Happy Halloween everyone!!!!

 

 

Trick or treat? How about both.

Source

One more day until my favorite holiday, Halloween.

Here are some of my favorite tricks I would love to try:

  • Fill a briefcase with marbles and crackers. Write on it, “Top Secret” in big letters. When trick-or-treaters come, look around suspiciously, say, “It’s about time you got here,” give them the briefcase, and quickly shut the door.
  • After you give them candy, hand the trick-or-treaters a bill.
  • Hand out menus to the trick-or-treaters and let them order their own candy. Keep asking if anyone wants to see the wine list.
  • Get about 30 people to wait in your living room. When trick-or-treaters come to the door, say, “Come in.” When they do, have everyone yell, “Surprise!!!” Act like it’s a surprise party.

AND here is my favorite TREAT

Source

Spiderweb Pumpkin Cheesecake (from allrecipes.com)

Ingredients

  • 1 3/4 cups chocolate wafer crumbs
  • 1/4 cup butter or margarine, melted
  • FILLING:
  • 3 (8 ounce) packages cream cheese, softened
  • 3/4 cup sugar
  • 1/2 cup packed brown sugar
  • 3 eggs
  • 1 (15 ounce) can solid pack pumpkin
  • 2 tablespoons cornstarch
  • 3 teaspoons vanilla extract
  • 1 1/2 teaspoons pumpkin pie spice
  • TOPPING:
  • 2 cups sour cream
  • 3 tablespoons sugar
  • 2 teaspoons vanilla extract
  • SPIDERWEB GARNISH:
  • 1 cup sugar
  • 1/8 teaspoon cream of tartar
  • 1/3 cup water
  • 4 (1 ounce) squares semisweet chocolate, melted

Directions

  1. Combine wafer crumbs and butter; press onto the bottom and 1 in. up the sides of a greased 10-in. springform pan. Set aside. In a mixing bowl, beat cream cheese and sugars until smooth. Add eggs; beat on low speed just until combined. Whisk in pumpkin, cornstarch, vanilla and pumpkin pie spice just until blended. Pour into crust. Place on a baking sheet. Bake at 350 degrees F for 60-65 minutes or until center is almost set. Cool on a wire rack for 10 minutes.
  2. Combine topping ingredients; spread over filling. Bake at 350 degrees F for 6 minutes. Cool on a wire rack for 10 minute. Carefully run a knife around the edge of pan to loosen; cool 1 hour longer. Refrigerate overnight. Remove sides of pan; set aside.
  3. For spiderwebs, draw six 3-in. x 2-in. half circles on two sheets of parchment paper on top; tape both securely to work surface. In a saucepan, bring the sugar, cream of tartar and water to a boil over medium heat. Boil, without stirring, until mixture turns a light amber color and candy thermometer reads 350 degrees F. Immediately remove from the heat and stir. Cool, stirring occasionally, for 10-15 minutes or until hot sugar mixture falls off a metal spoon in a fine thread.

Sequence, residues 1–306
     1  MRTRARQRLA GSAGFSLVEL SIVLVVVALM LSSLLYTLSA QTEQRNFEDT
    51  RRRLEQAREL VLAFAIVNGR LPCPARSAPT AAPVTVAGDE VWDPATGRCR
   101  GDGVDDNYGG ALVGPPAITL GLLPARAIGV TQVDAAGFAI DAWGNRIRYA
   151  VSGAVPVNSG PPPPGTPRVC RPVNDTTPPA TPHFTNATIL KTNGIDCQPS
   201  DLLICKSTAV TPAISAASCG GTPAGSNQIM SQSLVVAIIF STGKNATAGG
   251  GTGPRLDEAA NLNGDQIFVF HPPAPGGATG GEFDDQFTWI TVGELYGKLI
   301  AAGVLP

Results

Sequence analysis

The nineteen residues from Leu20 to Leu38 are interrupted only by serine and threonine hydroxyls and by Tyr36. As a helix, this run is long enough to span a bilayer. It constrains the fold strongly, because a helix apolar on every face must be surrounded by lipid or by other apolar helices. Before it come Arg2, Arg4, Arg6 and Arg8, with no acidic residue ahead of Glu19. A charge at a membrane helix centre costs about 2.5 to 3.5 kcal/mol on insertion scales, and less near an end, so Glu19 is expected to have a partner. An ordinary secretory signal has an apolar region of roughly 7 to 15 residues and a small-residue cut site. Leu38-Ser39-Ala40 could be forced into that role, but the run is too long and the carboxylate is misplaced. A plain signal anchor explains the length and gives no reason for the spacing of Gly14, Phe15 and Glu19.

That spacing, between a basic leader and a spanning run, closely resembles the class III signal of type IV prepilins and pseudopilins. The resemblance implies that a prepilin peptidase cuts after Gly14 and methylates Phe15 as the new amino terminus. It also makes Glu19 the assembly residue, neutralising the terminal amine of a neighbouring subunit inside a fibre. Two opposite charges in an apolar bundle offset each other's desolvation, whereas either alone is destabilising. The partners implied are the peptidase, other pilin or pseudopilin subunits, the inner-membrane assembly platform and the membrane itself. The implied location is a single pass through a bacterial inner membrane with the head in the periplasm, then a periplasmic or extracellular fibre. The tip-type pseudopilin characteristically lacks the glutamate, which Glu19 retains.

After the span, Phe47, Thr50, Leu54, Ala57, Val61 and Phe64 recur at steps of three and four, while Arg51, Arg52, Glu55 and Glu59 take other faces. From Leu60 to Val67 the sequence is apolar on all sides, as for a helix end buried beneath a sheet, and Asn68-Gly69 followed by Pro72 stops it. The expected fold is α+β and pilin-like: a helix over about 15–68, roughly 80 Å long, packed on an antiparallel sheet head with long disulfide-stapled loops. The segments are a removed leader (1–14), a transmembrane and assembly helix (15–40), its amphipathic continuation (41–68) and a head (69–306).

4. Using a spoon or meat fork, carefully drizzle syrup over half-circle outlines and inside the outlines to form spiderwebs; reheat syrup if needed. Cool completely. Place melted chocolate in a resealable plastic bag; cut a small hole in a corner of bag. Pipe 1-in. spiders onto parchment or foil; cool completely. With remaining melted chocolate, pipe two or three dots on each web; attach spiders.
  5. Remove sides of springform pan. Cut cheesecake; place a web on top of each slice and remaining spiders on the side. Refrigerate leftovers.

Halloween traditions from around the world

Source

Did you know that in some parts of England, Halloween was called ‘Mischief Night‘? And it really just meant that. People would cause a ruckus, like taking doors off their hinges and throwing them into ponds, or would hide them for no one to find? Hilarious!
I found some very funny, spooky, and interesting traditions for Halloween all around the world. Listen to some of these from Halloween Around the World.

Ireland

Thousands of years ago there was a tribe of farmers called the Celts. They knew that the sun helped make their crops grow, so when autumn came the sun began to fade and they believed that the sun would be winter’s prisoner for six months.

They were worried that the sun would not return so to make sure it did they held a festival on October 31. During which, they asked the sun to return safely in the summer. All the cooking fires were put out and a huge bonfire was lit on the hillside. Here they prayed the sun would shine brightly after winter was over.

The next morning they would return to the hillside take a piece of the burning wood from the remains of the bonfire and light new fires so as to bring good luck. Feasts were held over the new fires and people would dress up in costumes made out of animal skins. It was believed these costumes would protect people from bad luck.

China

Source

The Feast of the Hungry Ghosts: In China the souls of the dead, particularly during the seventh lunar month, wander the earth in search of affection. They are known as the hungry ghosts because of their hunger for recognition and care.

Czech Republic

In Czechoslovakia chairs are placed by the fireside. There is a chair for each family member and one for each family member’s spirit.

Germany

Here, people put their knives away. This is done as they do not want to risk hurting the returning spirits.

Hong Kong

During the Hungry Ghosts Festival or Yue Lan, ghosts and spirits roam the world for 24 hours. Some people burn pictures of fruit or money. This was believed to reach the spirit world and comfort the ghosts on this day.

Italy

In Southern Italy families prepare a special feast for the souls of the departed on All Souls’ Day. The families would set the table with a bountiful meal. Then they would all go to church to pray for the souls of the deceased. They stayed there all day, leaving their home open so that the spirits could enter and enjoy the feast.

When the family came home to find that their offerings hadn’t been consumed it meant that the spirits disapproved of their home and would work evil against them during the coming year.

Poland

In Poland doors and windows are left open to welcome the spirits or the visiting souls.

Portugal

In Portugal they have feasts of wine and chestnuts at the cemetery.

Russia

In Russia the blue cat is said to bring good luck. Blue cats such as Russian Blue, British Blue and Burmese.

Source